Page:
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Working with fruit flies, the scientists probed how males manage to pick out members of their own species from the multitude of flies crowding around an overripe fruit. The answer, published this week in the journal Nature, upended long-held beliefs about how evolution works to ensure animals perpetuate their species.
Scientists have long assumed that animals don't interbreed because evolution changed the peripheral parts of their nervous systems, including the sensory organs that detect and process pheromones -- chemical substances that help identify others of the same species. Peripheral changes have been proposed to be essential to allow animals to develop species-specific behaviors, including mating, but it has not been possible to determine whether this was the main or only site of change in the nervous system.
Vanessa - Ruta - Laboratory - Neurophysiology - Behavior
Vanessa Ruta, who heads the Laboratory of Neurophysiology and Behavior, set out with a team from her lab to discover what evolution had done to ensure that two closely related species of fruit flies -- Drosophila melanogaster and Drosophila simulans -- stick to their own kind when mating. Using a host of state-of-the-art genetic and imaging tools, and inventing some new ones, the scientists tracked the electrochemical impulses starting at the sensory neurons in the male foreleg, which they use to "taste" pheromones, all the way to the brain's central-processing center.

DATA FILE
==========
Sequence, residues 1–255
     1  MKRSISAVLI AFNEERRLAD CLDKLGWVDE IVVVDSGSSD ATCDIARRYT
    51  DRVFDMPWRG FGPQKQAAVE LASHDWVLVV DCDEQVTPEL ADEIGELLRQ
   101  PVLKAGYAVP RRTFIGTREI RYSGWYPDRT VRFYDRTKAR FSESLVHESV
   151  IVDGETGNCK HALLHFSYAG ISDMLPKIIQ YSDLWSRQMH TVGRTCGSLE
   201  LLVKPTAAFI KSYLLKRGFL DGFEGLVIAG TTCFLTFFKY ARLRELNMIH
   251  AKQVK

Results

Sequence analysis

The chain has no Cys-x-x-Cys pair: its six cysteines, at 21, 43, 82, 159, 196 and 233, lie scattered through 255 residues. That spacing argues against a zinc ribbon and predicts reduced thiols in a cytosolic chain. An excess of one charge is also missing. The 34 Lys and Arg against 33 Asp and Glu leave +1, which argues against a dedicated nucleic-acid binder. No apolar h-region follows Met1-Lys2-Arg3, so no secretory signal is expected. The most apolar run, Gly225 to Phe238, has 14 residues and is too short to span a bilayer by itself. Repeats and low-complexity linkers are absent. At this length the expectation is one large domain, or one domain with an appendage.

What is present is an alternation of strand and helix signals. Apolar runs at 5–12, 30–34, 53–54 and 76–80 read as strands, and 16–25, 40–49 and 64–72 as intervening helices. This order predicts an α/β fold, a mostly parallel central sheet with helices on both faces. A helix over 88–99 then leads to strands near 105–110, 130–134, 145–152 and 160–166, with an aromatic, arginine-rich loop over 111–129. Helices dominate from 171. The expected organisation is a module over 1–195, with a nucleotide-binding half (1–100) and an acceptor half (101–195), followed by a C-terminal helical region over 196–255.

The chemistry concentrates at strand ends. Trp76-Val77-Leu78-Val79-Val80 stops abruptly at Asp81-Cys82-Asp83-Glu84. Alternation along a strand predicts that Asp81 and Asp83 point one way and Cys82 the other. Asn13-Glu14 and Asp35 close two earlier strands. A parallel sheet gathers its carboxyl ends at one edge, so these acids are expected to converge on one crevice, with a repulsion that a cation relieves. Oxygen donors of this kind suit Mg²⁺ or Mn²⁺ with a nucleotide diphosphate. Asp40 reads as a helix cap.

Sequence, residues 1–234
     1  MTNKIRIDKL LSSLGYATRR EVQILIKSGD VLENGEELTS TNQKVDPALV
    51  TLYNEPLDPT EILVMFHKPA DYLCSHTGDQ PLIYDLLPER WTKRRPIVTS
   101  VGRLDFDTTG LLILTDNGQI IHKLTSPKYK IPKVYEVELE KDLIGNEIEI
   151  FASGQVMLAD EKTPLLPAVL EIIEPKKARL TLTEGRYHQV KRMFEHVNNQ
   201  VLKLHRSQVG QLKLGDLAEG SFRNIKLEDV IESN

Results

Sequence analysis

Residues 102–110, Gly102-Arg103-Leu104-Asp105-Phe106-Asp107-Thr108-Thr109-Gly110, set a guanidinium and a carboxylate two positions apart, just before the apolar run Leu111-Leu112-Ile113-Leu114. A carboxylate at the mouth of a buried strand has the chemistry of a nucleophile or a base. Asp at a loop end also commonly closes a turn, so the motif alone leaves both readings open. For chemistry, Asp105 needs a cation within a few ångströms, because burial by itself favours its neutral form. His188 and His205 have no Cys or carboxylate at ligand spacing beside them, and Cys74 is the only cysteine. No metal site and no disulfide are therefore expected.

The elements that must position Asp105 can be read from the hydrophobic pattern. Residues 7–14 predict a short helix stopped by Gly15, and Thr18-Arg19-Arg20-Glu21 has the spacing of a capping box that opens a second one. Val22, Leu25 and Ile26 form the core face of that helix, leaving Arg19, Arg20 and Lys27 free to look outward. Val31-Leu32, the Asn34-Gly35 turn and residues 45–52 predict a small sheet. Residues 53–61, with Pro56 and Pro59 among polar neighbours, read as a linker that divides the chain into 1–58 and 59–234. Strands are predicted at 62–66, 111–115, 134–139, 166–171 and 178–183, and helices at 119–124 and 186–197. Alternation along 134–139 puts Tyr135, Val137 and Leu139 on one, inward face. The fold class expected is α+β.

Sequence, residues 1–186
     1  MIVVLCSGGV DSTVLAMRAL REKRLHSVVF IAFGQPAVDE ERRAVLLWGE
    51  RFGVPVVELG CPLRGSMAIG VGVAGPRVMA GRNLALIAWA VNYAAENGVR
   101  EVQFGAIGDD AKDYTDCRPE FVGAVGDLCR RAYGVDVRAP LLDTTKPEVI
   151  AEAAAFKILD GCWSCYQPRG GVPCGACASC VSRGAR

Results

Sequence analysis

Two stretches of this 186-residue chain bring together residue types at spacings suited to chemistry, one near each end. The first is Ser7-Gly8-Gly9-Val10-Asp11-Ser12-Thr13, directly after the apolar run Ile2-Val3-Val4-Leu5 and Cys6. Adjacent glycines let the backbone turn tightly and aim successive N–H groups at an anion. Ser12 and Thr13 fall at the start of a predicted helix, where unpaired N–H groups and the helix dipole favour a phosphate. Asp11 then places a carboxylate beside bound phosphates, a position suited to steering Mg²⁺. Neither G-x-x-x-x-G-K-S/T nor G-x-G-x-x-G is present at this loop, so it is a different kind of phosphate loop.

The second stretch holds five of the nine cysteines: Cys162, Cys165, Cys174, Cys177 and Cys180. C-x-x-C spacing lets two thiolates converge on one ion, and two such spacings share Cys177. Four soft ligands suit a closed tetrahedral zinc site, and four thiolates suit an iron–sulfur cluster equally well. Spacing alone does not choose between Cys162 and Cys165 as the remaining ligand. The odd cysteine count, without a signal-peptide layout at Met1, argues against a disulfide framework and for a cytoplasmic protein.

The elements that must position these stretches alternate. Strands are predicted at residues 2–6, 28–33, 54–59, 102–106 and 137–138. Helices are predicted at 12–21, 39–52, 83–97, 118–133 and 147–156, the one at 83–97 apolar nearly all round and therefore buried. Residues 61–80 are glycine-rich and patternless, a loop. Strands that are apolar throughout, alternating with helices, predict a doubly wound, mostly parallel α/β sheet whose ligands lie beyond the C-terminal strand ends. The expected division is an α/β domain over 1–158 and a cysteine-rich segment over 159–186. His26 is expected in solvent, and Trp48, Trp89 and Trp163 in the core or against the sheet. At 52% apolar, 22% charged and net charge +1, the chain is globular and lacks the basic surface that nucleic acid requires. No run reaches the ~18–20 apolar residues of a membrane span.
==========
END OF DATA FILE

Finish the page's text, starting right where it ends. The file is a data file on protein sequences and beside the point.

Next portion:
The differences between the species, they found, lies deep in the flies' brains, in a small cluster of neurons that controls mating behavior. In fact, the peripheral nervous systems were unchanged, suggesting they play no part in the distinct mating choices of the different species, a finding Ruta hadn't anticipated.
Scientists - Field - Changes - Periphery - Fact
"I think scientists in the field have long thought the changes would most likely be localized to the periphery partially due to the fact that it is the simplest place to look," she says. "People have...
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